The Eastern European, Spanish, and Native American elements that naturally meld in Argentina have resulted in a folk style known as chamamè. Spasiuk says chamamè was the only form of music he heard until he was 20, and credits a brief college stint studying anthropology for expanding his musical range, because “the friends I met there had huge record collections that I could listen to. Suddenly discovering that there’s so much more music in this world was an important impact.”
If there’s been a consistent agenda behind the International Accordion Festival, it has been to put accordion players from every corner of the globe on the same stage and celebrate the extreme differences and surprising similarities of their musical traditions. In the case of Spasiuk and his Quintet, uninitiated South Texas listeners will likely find them exotic yet strangely familiar, with accordion runs that vaguely recall regional conjunto masters. Since Spasiuk and Santiago
Jimenez Jr. (another featured festival artist) both absorbed polka rhythms at a young age, the spiritual kinship is perfectly logical.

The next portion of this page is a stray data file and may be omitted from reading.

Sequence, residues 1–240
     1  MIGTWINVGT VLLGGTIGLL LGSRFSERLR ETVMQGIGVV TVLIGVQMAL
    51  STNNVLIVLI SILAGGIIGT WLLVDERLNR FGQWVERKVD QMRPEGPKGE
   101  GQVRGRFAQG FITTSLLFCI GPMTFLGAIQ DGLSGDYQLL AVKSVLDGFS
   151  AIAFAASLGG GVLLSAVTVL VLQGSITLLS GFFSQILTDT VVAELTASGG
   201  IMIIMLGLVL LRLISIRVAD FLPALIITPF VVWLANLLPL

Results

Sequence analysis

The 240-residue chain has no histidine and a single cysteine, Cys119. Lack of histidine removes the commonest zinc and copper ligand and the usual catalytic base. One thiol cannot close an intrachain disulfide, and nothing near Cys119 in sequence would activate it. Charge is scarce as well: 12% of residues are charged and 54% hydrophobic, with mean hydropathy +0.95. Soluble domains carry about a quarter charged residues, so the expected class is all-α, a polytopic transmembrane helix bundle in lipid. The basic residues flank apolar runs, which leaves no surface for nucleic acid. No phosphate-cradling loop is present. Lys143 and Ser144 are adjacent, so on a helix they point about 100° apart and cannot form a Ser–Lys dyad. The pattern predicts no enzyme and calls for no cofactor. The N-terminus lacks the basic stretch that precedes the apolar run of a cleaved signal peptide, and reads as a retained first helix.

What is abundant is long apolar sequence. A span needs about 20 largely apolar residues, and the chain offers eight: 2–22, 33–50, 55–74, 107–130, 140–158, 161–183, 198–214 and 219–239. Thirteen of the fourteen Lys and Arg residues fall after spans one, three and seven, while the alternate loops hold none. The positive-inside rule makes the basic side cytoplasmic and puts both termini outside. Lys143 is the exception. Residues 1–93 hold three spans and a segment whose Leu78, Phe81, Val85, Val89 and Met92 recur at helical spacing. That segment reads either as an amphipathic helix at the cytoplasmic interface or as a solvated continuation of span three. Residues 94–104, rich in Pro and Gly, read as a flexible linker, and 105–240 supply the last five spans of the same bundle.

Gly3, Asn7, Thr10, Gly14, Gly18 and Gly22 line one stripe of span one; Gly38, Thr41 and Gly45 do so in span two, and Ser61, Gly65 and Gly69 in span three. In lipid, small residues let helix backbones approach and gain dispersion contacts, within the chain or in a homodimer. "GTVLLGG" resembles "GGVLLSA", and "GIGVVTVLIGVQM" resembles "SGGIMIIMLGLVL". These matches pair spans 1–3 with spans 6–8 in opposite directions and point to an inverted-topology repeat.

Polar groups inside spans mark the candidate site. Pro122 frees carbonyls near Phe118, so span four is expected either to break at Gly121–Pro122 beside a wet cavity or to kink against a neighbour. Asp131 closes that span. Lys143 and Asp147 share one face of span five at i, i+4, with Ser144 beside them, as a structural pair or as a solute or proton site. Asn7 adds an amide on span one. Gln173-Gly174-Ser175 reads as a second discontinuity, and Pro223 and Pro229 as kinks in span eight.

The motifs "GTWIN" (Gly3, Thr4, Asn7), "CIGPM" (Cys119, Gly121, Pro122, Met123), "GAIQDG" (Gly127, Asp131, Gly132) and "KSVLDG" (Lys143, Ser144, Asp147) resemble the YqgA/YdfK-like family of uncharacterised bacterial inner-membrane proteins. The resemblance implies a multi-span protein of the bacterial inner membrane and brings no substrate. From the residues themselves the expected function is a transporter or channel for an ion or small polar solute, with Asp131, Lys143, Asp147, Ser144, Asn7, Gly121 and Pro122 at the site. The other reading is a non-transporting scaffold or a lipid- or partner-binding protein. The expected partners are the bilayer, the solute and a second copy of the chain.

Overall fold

The Canadian traditional form known as Quebecois is similar to chamamè only in the sense that it’s a meeting point for seemingly incongruous cultures. “The traditional stuff in Quebec is a blend of Irish tradition — after the great immigration of the Irish people in the middle of the 19th century — and French music,” says Quebecois king Yves Lambert, another standout performer at the festival.
Lambert spent 26 years as the frontman for the much-loved La Bottine Souriante, a collective that Jasper calls “the Grateful Dead of the Quebecois scene.” Burly, boisterous, and never onstage without his trademark Panama hat, Lambert left La Bottine Souriante in 2002 to form Le Bebert Orchestra, a group that trades his old dependence on piano for a two-violin combination that creates phrases that feel like Celtic reels with a French accent.